In addition to the risks and costs associated with underground storage tanks, including contaminated soil and the prospect of removing the tanks (which can cost a lot depending on the type of tanks), gas stations often have other environmental problems. It's not uncommon to find illegal antifreeze disposal, battery disposal, etc. around gas stations. Worse, there could be groundwater contamination. This is in addition to the typical risks of lead piping, asbestos, etc. that often accompany older buildings. When was that building built?
Any prospective buyer would conduct a Phase I investigation (and possibly a Phase II if warranted) to see what kind of remediation would need to be done. While Kum-and-Go is certainly liable as the past owner / operator of the property, federal environmental law would also impose liability on a new owner / operator. Thus, if there are serious environmental risks disclosed by a Phase I, even a tenant, not just a prospective buyer, could be taking on astronomical risk from the owner (which isn't easy to contract around). Unless the tenant negotiates a super deal with the owner which properly accounts for that risk from the tenant's perspective, we're unlikely to see that spot occupied for some time.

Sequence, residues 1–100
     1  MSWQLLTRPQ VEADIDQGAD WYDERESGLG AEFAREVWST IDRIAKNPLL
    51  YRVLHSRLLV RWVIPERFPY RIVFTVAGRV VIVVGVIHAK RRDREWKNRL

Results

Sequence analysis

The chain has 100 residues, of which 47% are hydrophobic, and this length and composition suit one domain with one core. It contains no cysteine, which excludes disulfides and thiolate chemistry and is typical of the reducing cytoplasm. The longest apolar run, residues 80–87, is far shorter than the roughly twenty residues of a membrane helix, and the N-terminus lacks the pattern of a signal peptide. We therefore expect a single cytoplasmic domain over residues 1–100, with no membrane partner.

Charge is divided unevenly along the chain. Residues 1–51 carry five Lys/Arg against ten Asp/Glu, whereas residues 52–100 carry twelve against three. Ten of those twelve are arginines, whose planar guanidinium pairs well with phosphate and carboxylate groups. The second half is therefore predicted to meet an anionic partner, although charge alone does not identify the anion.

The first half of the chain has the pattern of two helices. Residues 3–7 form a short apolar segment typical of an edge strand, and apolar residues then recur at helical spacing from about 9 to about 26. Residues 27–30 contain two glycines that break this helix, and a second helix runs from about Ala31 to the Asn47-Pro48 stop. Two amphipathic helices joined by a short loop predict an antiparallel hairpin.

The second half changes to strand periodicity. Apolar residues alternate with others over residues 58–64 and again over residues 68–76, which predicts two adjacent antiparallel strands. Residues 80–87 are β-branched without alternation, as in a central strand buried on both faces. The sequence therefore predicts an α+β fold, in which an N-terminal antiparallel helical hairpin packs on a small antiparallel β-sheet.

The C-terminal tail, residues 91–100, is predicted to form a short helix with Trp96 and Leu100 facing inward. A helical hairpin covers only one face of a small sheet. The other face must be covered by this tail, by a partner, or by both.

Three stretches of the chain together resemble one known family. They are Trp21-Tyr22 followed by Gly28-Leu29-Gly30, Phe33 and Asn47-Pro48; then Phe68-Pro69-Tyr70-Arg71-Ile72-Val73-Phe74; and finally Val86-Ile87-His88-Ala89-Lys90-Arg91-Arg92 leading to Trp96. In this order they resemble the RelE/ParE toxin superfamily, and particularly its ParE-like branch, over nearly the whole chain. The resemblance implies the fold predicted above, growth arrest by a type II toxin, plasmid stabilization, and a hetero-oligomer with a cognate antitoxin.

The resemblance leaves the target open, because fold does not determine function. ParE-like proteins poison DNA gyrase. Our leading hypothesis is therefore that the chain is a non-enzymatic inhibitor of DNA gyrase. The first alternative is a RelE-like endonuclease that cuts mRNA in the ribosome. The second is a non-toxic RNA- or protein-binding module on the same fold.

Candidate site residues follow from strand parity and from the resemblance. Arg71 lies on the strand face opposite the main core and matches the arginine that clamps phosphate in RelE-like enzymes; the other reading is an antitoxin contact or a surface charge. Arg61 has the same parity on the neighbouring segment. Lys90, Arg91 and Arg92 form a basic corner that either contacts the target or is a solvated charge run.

The good thing about that property is that it's in a fantastic location. Thus, there will certainly be interested buyers, but we'll only see action quickly if the environmental risks prove to be relatively clear and the price of those risks is fairly built into the negotiation. If Kum-and-Go owns the lot, I bet we'll see a new tenant / owner within 6 months to a year. If it's an individual around Ames, it's anybody's guess. It could sit empty as an eyesore for years. That, in my opinion, is sad because that corner is fundamental to campus town and to see it sit empty would detract from the atmosphere.
Kum and Go sells gas to get you into the store They make money on junk food, candy, pop, beer, and cigs.